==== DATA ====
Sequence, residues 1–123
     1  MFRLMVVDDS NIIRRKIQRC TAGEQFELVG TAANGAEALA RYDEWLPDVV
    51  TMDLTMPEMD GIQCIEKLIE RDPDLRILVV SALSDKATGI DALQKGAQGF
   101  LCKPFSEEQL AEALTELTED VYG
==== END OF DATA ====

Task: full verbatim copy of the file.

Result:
Sequence, residues 1–123
     1  MFRLMVVDDS NIIRRKIQRC TAGEQFELVG TAANGAEALA RYDEWLPDVV
    51  TMDLTMPEMD GIQCIEKLIE RDPDLRILVV SALSDKATGI DALQKGAQGF
   101  LCKPFSEEQL AEALTELTED VYG